Insurer to Schnucks: We won't pay for lawsuits related to your breach
The insurer for Midwestern supermarket chain Schnucks, whose systems were hacked last winter to steal 2.4 million credit card numbers, is claiming in court that the grocer's policy doesn't cover the cost of lawsuits arising from the breach.
Liberty Mutual Insurance Co. last week filed documents in a Missouri court contending that the general liability policy it issued St. Louis-based Schnucks, which does business as Schnuck Markets, was not designed to insure “suits and claims arising from the data breach” it recently experienced.
In the court filings, Boston-based Liberty Mutual argued that the policy, which covers bodily injury and property damage, doesn't make provisions for damage to electronic data.
Schnucks, which operates some 100 stores, learned that it had sustained a major breach in March after hackers raided its systems to steal 2.4 million credit and debit card numbers.The company said the unauthorized access may have continued for up to four months, from last December through March 29, which led to card numbers being compromised that belonged to shoppers at 79 of its locations.
Last Thursday, Main Justice published the documents filed by Liberty Mutual (PDF). The insurer said eight lawsuits filed by impacted Schnucks customers would not be covered by the supermarket chain's insurance policy. In addition, (non-suit) claims by four banks and a payment solutions firm that requested to be reimbursed for costs allegedly arising from the breach should also be the responsibility of Schnucks, according to court documents.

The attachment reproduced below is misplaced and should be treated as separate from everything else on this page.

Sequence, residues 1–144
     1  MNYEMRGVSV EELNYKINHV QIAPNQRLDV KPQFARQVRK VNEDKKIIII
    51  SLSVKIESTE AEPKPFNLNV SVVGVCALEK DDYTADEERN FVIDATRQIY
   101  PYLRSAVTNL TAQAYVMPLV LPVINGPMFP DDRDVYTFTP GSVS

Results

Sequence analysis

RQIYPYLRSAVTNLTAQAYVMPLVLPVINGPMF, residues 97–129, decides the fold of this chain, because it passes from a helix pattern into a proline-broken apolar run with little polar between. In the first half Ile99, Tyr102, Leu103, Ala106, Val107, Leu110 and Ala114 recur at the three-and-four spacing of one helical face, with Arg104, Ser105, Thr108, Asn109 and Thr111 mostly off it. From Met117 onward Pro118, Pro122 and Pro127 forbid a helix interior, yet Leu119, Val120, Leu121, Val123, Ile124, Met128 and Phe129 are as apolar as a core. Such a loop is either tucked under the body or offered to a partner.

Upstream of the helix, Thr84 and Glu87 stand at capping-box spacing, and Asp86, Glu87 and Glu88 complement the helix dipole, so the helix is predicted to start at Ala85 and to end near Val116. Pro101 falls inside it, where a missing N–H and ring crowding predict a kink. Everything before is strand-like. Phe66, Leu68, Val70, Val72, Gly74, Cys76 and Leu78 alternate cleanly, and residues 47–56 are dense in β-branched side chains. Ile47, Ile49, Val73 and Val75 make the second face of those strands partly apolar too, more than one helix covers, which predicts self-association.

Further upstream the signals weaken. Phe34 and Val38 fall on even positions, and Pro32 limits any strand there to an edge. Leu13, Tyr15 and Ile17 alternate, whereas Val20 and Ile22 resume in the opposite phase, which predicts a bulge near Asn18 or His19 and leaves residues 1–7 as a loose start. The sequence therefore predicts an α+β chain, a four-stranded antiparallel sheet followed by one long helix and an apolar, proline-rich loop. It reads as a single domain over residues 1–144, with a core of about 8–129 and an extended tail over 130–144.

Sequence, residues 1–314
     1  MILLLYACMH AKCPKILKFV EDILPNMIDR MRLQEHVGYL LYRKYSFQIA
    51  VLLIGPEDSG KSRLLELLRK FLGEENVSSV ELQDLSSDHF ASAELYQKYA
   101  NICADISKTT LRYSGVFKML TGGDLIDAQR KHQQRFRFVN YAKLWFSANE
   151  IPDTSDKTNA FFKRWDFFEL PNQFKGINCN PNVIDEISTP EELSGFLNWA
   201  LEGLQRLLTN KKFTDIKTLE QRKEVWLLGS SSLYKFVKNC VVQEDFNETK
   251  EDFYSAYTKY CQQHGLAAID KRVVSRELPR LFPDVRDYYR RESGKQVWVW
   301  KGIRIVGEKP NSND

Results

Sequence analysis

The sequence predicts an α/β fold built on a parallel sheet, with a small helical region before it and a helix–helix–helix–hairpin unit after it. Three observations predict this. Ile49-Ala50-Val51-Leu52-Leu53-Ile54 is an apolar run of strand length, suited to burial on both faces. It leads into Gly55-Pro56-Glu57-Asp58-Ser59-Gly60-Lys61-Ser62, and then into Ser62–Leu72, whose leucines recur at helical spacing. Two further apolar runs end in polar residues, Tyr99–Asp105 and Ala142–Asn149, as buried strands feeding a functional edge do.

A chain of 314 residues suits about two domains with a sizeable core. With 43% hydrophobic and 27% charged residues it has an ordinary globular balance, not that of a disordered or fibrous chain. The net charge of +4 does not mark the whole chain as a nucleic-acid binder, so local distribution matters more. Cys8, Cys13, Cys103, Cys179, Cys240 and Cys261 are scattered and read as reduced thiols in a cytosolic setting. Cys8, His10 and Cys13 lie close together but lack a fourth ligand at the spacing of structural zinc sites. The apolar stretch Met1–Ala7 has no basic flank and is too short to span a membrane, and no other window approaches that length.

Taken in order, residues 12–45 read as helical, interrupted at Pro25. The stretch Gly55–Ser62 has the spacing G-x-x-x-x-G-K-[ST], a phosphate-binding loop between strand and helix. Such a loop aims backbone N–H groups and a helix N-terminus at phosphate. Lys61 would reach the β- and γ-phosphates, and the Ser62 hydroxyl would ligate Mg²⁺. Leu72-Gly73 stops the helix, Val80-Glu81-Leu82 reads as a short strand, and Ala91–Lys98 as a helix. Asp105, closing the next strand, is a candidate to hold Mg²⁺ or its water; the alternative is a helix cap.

Security Bank, Stillman Bank, First Data Merchant Services Corp., Think Mutual Bank and First Federal Savings Bank sent claims letters to Schnucks seeking reimbursement or restitution for lost funds.
In the filing, Liberty Mutual argued that electronic data was not considered “tangible property,” which would fall under the umbrella of property damage insurance.
“For the purposes of this insurance, electronic data is not tangible property,” Liberty Mutual argued. “The claims described in the complaints and claims are not for physical injury to or loss of use of any tangible property, but rather for the loss of personal information. Such a loss is not for ‘property damage.'”
Jason Weinstein, a partner at New York-based Steptoe & Johnson who specializes in data privacy and security litigation, said the Schnucks case is a reminder that organizations should not only expect to be breached, but also have a good handle on what their insurance policy covers, prior to an incident happening.
"A lot of these policies were written before anyone knew what a data breach was," he told SCMagazine.com on Tuesday. "It's better to take a proactive review of your insurance coverage and confirm it's adequate before you need it."
Entertainment company Sony is engaged in an ongoing legal battle with its insurer Zurich, which has said it's not liable for customer suits stemming from Sony's 2011 PlayStation Network (PSN) breach.
Executive Editor Dan Kaplan contributed to this report.